“How did you do this? How did you entertain me for hours on end and not got crazy? I won’t be mad if you said sometimes hid in the bathroom.”
My mom’s laugh comes through the phone as I press speaker and redirect Kate’s crayon-filled hands from my walls to her Elmo coloring book.
“I don’t know, toddlers are tough,” she said. “This is the time when you need to practice some radical acceptance.”
She’s said that before.
And each time I’ve wanted to throw myself on the floor like my toddler and kick and scream because I don’t want to accept.
I want to change things.
I want motherhood to be easier so I can get things done. I want more time to myself to think. I want to ward off temper tantrums. I want Kate to nap in the afternoon, so I can pursue things that are important to me. I want some space. I want her to eat her dinner instead of throwing it to the dog. I want to come up with bunches of stuff for her to do instead of millions of boring trips to the same park.
But in this moment in my life, there are just things I can’t change. I can’t change how long she naps or temper tantrums. I can’t change the little time I get to myself. I can’t change her age or my age or where we are in life right now.
So it seems the only thing to do is accept.
Acceptance is my achilles heel. My arch nemisis. For a girl like me who likes to change and do and be better, acceptance is not something I take to kindly.
Because acceptance feels like giving up.
Like if I accepted my life stage just how it is, that I would die inside from a lack of ambition. All my gumption would dry up. And then there’d be nothing left.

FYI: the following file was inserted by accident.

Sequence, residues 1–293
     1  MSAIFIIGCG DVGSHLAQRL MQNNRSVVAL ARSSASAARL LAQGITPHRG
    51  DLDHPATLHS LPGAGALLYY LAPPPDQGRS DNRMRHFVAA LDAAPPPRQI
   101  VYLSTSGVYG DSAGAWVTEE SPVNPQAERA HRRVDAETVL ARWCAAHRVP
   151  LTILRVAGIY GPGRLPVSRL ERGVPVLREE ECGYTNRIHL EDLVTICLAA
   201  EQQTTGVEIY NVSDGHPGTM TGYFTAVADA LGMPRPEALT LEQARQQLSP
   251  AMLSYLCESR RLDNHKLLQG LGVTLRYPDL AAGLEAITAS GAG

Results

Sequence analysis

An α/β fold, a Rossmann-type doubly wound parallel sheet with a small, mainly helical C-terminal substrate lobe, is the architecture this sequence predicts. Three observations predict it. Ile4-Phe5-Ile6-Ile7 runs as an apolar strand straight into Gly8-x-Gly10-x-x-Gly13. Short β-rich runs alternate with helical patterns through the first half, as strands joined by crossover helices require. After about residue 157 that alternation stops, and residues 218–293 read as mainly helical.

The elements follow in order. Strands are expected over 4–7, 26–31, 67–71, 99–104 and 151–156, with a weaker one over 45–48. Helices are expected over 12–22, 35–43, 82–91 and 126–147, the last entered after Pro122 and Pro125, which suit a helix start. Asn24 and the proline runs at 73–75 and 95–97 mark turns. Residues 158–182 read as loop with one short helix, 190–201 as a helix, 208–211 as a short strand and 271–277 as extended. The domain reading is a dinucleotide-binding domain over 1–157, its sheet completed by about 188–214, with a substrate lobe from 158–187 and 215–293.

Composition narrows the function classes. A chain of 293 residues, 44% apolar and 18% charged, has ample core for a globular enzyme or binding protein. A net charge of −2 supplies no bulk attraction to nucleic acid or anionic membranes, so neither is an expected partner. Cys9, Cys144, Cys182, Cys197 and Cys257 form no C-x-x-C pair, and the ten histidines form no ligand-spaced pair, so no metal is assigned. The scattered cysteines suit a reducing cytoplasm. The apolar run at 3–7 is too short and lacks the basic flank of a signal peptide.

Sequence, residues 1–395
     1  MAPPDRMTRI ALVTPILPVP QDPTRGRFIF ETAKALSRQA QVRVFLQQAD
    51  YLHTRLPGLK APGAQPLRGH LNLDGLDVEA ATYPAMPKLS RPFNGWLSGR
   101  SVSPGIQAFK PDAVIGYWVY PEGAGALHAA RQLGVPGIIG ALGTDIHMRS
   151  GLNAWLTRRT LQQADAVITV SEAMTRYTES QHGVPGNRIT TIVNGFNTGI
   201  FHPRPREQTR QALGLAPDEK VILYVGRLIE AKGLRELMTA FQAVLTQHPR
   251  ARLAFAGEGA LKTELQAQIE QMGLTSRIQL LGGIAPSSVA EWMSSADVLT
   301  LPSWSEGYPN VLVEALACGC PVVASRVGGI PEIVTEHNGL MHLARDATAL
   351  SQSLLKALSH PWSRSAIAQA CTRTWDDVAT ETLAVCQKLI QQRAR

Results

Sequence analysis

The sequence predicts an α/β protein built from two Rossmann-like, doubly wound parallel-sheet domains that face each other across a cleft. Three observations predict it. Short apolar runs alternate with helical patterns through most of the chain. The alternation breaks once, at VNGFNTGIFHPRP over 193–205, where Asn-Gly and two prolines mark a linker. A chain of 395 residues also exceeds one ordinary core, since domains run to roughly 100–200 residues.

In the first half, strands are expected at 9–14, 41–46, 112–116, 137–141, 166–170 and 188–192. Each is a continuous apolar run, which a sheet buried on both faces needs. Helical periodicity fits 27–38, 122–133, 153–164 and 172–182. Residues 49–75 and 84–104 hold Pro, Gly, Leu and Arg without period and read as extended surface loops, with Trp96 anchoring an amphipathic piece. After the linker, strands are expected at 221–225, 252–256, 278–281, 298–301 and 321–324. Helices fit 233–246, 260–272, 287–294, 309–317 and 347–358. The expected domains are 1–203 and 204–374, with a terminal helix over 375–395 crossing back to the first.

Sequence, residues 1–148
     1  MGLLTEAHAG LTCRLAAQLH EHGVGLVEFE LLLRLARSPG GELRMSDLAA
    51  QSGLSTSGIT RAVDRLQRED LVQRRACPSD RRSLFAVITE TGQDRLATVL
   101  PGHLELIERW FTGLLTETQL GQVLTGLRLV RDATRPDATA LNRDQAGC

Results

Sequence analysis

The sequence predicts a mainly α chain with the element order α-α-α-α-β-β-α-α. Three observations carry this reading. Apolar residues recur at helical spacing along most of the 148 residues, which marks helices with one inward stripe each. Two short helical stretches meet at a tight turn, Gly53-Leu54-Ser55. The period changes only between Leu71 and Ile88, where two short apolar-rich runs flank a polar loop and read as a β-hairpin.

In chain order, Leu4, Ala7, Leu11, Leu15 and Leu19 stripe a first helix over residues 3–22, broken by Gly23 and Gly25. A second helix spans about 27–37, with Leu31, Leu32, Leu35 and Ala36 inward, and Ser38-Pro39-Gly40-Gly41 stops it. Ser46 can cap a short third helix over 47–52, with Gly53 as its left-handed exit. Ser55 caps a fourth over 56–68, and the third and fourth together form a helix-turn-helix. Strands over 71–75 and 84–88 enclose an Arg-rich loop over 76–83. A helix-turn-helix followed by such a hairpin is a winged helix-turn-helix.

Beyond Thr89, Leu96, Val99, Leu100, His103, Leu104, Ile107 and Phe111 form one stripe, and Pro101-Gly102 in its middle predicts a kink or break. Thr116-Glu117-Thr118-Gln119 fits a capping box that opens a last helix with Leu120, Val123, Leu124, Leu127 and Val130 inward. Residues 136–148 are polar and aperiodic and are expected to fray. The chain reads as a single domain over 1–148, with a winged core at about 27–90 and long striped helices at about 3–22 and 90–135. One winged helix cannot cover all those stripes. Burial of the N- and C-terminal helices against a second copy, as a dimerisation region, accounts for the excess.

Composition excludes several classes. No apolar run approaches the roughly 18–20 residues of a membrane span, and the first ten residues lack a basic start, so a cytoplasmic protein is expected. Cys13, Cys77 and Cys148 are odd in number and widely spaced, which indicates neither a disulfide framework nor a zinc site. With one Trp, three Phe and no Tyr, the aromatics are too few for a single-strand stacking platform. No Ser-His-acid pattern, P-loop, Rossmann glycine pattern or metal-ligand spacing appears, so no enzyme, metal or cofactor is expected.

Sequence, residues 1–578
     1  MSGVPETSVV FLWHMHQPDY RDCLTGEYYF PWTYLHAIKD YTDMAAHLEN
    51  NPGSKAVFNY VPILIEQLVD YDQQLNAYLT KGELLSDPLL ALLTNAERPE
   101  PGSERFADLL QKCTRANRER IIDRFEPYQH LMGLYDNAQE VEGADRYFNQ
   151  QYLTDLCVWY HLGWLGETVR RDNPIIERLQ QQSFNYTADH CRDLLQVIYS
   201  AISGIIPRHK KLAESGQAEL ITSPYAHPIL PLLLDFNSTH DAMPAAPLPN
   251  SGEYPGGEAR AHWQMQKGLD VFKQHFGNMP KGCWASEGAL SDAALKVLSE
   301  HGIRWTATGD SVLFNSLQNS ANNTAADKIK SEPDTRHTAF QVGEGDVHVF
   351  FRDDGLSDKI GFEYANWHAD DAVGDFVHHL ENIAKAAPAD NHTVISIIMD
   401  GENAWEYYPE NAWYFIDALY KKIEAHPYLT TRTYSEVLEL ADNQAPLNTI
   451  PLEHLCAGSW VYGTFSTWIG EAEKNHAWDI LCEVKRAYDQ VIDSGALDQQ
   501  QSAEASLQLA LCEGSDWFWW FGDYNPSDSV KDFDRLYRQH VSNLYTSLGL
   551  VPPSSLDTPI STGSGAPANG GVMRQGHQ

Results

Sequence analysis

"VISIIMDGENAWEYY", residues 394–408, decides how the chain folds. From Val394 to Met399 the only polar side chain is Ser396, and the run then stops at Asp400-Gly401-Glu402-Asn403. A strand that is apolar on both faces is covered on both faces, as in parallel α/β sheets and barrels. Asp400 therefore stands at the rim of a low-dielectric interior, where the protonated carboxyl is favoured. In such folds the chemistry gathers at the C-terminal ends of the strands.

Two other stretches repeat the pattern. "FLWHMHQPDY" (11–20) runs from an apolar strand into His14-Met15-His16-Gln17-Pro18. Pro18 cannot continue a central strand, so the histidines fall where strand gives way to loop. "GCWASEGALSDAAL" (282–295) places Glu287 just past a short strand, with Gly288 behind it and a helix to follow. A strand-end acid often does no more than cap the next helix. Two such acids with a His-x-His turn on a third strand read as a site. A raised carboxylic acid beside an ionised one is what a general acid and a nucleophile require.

The thing I like most about myself also ends up making me an enemy of myself. This insistance on doing more and being more keeps me motivated. But it also drives me crazy when circumstances force me to slow down.
But railing against my life isn’t working. I’m not a nice friend or parent or spouse. I feel disjoined, irritable, unhappy for no particular reason. Like there’s some invisible irritant poking and proding me until I can’t bear the weight of the frustration another moment.
So ruminating and fixating on how I want to change things isn’t working. There has to be a better way.
And maybe that way is radical acceptance.
And maybe it’s not about giving up.
Maybe it’s about being okay with what is in this moment.
It’s not acquiescence. Or a tacit agreement with myself to live in mediocrity because that’s easier. But rather acknowledging those feelings of frustrations in my life and allowing myself to lean into the frustrations. Instead of spending all my energy pummeling my frustrations until they bounce back in my face, I accept those feelings and let them wash over me.
I don’t have to like every moment of everyday. But I also don’t have to spend every moment of everyday fighting myself.
In a way, radical acceptance is freedom. I can’t be doing more or being more. Because much of my day is out of my hands. I acknowledge I feel thwarted. But I don’t let that feeling carry me away.
I radically accept that I have a toddler who’s wishes and demands are unpredictable.
I radically accept that I might not get time for myself today.
I radically accept that my days don’t always go as planned.
I radically accept that the things I want to accomplish might take days or weeks or months.
I radically accept that this season of my life is a challenging one.
And I radically accept those sweet hugs and kisses from my toddler, any time together Dan and I have to be a couple instead of a couple of parents, and for all those times when I release the frustrations and set myself free.